Tri-Generation refers to the production of three useful forms of energy from a single energy input. The most often Tri-Generation system found, CCHP (combined cooling, heating and power), will simultaneously generate electricity, heating and cooling from the combustion of a fuel. Natural gas is often used to create steam or directly used in an engine or turbine. Tri-Generation differs from CHP/cogeneration in that the waste heat is used for both heating and cooling, typically using an absorption chiller for the cooling equipment. CCHP systems can attain higher overall efficiencies than CHP/cogeneration or traditional power plants.
Often, the acronym BCHP (building cooling, heating and power) is used for Tri-Generation applications in buildings. Heating and cooling output may operate concurrently or alternately depending on the need and the system design.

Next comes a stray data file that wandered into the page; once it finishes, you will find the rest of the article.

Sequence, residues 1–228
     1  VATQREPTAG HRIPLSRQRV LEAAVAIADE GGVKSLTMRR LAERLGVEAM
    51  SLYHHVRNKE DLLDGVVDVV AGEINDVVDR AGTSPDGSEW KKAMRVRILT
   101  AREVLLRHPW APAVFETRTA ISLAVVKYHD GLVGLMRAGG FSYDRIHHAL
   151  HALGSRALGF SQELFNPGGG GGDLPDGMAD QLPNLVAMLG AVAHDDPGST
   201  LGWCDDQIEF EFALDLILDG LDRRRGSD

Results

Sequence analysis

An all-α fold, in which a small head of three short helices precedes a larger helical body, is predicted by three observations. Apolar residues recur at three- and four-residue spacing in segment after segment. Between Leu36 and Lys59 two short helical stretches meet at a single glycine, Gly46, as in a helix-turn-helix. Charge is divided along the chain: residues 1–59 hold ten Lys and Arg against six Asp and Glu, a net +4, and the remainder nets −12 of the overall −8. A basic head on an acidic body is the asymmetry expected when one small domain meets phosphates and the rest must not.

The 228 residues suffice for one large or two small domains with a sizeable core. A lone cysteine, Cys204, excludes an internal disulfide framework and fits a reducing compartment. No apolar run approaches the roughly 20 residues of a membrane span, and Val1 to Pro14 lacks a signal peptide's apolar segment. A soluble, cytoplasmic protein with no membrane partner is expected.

Tri-Generation has its greatest benefits when scaled to fit buildings or complexes of buildings where electricity, heating and cooling are needed on a regular basis. Such installations include, but are not limited to, data centers, universities, hospitals, military complexes, colleges and manufacturing facilities. Additional Tri-Generation Concepts Evolve Other options exist to create Tri-Generation plants. Incorporating a fuel cell unit (which utilizes biogas from a municipal wastewater treatment plant) has been developed and implemented in California. The system integrates a hydrogen purification system to recover approximately 100 kg of hydrogen per day which is used to provide a hydrogen fueling station that is open to the public and can support between 25 and 50 fuel cell electric vehicle fill-ups per day.
For more information visit the U.S. Department of Energy website here.